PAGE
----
In her career to date, Jann has received 8 Juno Awards including Female Artist of the Year and Songwriter of the Year and in 1997 and again in 2016, she hosted the Awards ceremony. Arden is also the recipient of 10 SOCAN Awards, 4 Western Canadian Music Awards, a Much Music Video Award, 3 Prairie Music Awards and an Alberta Recording Industry Association Award.
Arden is the proud recipient of a star on Canada’s Walk of Fame; she has been inducted into the Canadian Association of Broadcasters Hall of Fame and has been given the Vantage Women of Originality Award. In 2012 she was awarded the Queen’s Diamond Jubilee Medal and in 2013 was inducted into the Western Canadian Music Alliance Hall of Fame.
In addition to being a singer/songwriter, Arden is, of course, an author of note. Her previous releases include “If I Knew, Don’t You Think I’d Tell You” and “I’ll Tell You One Damn Thing, That’s All I Know” and her bestselling self-penned memoir “Falling Backwards”. In the past, Jann has written a monthly advice column for Elle Canada – a feature that ran for a year. She is also a much in demand speaker, peppering her words of wisdom with her signature humour.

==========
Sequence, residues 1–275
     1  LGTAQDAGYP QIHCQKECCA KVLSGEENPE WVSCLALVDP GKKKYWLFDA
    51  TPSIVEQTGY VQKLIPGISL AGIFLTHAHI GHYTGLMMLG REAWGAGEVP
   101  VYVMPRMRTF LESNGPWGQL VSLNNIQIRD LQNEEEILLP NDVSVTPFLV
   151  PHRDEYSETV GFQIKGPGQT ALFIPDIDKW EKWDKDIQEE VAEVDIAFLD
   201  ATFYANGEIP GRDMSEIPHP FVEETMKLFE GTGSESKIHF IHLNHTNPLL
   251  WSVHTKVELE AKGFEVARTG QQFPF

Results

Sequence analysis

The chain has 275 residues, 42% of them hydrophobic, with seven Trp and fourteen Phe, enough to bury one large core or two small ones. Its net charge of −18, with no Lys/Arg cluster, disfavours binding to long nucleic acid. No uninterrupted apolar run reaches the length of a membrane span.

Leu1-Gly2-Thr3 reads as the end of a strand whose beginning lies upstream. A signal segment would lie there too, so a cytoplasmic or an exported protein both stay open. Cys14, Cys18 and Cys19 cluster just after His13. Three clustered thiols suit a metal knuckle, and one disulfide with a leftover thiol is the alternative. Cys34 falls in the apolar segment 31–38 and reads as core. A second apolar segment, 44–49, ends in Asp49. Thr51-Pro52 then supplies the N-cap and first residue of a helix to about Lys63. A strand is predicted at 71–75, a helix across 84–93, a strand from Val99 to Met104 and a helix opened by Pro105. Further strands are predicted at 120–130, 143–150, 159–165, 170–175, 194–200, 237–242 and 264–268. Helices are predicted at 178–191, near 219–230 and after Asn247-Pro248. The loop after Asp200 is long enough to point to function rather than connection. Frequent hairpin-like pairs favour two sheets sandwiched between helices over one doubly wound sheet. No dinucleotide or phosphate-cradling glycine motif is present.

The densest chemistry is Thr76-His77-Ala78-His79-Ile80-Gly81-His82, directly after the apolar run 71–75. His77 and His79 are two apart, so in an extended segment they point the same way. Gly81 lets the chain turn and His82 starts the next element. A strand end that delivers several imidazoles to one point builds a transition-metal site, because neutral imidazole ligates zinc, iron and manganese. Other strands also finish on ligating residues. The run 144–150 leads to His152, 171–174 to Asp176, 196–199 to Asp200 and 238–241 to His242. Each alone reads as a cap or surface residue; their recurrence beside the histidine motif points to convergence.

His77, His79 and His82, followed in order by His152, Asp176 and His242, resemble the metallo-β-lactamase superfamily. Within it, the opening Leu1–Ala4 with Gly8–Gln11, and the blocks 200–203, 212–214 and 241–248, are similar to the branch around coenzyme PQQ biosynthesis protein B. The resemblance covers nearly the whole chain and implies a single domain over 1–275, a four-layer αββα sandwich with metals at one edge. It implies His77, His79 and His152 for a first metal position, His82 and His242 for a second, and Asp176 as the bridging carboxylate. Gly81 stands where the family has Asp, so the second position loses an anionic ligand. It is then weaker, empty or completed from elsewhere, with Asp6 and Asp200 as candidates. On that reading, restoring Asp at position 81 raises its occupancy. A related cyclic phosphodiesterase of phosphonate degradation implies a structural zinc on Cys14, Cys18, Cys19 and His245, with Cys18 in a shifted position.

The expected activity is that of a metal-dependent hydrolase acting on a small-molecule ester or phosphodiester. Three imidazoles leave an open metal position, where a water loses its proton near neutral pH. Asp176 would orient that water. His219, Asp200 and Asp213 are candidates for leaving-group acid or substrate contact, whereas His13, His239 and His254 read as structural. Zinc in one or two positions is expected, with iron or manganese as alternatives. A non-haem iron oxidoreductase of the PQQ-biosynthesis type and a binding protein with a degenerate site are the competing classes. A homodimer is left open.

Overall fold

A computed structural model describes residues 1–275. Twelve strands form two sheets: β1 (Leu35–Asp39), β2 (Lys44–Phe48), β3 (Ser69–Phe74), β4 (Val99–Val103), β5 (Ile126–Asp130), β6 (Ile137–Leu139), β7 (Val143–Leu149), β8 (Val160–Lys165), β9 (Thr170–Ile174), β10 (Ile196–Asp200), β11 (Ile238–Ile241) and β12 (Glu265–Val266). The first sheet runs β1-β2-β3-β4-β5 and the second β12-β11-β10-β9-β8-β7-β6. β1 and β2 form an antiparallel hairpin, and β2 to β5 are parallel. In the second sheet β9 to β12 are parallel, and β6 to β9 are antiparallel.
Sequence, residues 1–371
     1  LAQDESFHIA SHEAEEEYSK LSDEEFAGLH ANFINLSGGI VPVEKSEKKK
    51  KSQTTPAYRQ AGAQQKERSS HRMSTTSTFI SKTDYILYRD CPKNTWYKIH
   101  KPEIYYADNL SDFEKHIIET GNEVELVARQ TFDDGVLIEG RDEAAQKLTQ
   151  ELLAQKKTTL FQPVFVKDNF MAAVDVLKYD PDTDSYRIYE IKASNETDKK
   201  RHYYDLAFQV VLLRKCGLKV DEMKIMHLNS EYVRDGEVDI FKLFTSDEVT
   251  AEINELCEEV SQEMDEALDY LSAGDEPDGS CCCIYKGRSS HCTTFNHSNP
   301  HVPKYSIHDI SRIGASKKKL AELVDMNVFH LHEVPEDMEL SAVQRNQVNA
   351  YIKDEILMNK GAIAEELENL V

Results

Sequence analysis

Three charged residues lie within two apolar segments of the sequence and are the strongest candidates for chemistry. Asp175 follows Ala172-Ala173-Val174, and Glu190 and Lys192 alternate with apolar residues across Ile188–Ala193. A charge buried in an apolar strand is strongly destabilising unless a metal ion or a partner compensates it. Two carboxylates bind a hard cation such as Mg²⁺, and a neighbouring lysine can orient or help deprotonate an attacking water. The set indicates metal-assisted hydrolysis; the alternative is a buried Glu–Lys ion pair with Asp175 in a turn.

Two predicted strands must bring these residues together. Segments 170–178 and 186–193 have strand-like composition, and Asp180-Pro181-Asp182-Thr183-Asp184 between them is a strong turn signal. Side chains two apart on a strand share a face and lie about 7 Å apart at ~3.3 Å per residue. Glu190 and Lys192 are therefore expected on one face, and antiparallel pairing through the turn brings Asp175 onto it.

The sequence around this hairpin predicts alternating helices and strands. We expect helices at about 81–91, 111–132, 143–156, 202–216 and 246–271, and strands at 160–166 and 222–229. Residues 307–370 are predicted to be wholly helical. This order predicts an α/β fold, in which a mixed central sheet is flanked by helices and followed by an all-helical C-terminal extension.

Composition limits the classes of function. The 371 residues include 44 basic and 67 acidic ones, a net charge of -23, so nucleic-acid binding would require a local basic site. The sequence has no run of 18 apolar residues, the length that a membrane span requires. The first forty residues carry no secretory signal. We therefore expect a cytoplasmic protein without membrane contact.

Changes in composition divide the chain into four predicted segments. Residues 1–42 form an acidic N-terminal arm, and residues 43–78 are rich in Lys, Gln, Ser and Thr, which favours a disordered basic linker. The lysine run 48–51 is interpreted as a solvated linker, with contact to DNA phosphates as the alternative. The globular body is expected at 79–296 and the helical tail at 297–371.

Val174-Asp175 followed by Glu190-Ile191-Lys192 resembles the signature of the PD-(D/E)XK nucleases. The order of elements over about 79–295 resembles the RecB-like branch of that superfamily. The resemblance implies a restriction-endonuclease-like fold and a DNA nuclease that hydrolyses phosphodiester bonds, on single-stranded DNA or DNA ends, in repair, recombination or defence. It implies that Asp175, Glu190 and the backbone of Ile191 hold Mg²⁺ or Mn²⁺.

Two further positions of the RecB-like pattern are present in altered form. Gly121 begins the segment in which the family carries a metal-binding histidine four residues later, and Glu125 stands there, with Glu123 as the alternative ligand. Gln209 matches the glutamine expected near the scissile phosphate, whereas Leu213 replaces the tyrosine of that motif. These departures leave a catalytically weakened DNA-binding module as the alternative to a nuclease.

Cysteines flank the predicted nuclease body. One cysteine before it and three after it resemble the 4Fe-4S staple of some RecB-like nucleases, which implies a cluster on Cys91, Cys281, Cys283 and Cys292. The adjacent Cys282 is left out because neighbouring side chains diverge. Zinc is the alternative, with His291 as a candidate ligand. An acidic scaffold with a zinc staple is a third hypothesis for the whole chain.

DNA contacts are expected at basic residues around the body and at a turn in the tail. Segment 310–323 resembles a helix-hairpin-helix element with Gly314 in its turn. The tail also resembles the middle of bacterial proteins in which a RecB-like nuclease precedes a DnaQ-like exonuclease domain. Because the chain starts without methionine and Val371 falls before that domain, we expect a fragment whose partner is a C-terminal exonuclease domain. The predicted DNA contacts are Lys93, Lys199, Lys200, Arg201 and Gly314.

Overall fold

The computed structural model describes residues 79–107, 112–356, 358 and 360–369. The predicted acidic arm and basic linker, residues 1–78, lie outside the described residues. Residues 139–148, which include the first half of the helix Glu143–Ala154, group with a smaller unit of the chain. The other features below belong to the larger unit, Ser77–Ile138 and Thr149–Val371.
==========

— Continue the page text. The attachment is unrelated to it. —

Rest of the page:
In 2010 Jann took on broadcast duties as of the host of “Being Jann”, an hour-long talk show on CBC Radio and a year later she sat in the judge’s chair for Canada Sings (Global TV). Jann has also been a guest host on the Social (CTV) over the course of the past five years. A well-known advocate for animals Arden narrated the popular program, ER Vets and she has also produced two documentaries “Free” and “Jann Takes Manhattan”, both of which were met with favourable reviews.
Never one to settle into one discipline, Arden has made appearances in television sitcoms – Ellen in 1997, Corner Gas in 2005 and several guest appearances on the CBC’s Rick Mercer Report. This year Jann has been involved in “Working Moms” and “The Detour”. Not to be left out, the theatre stage also called the versatile artist when in 2000, she took part in The Vagina Monologues when it toured Canada.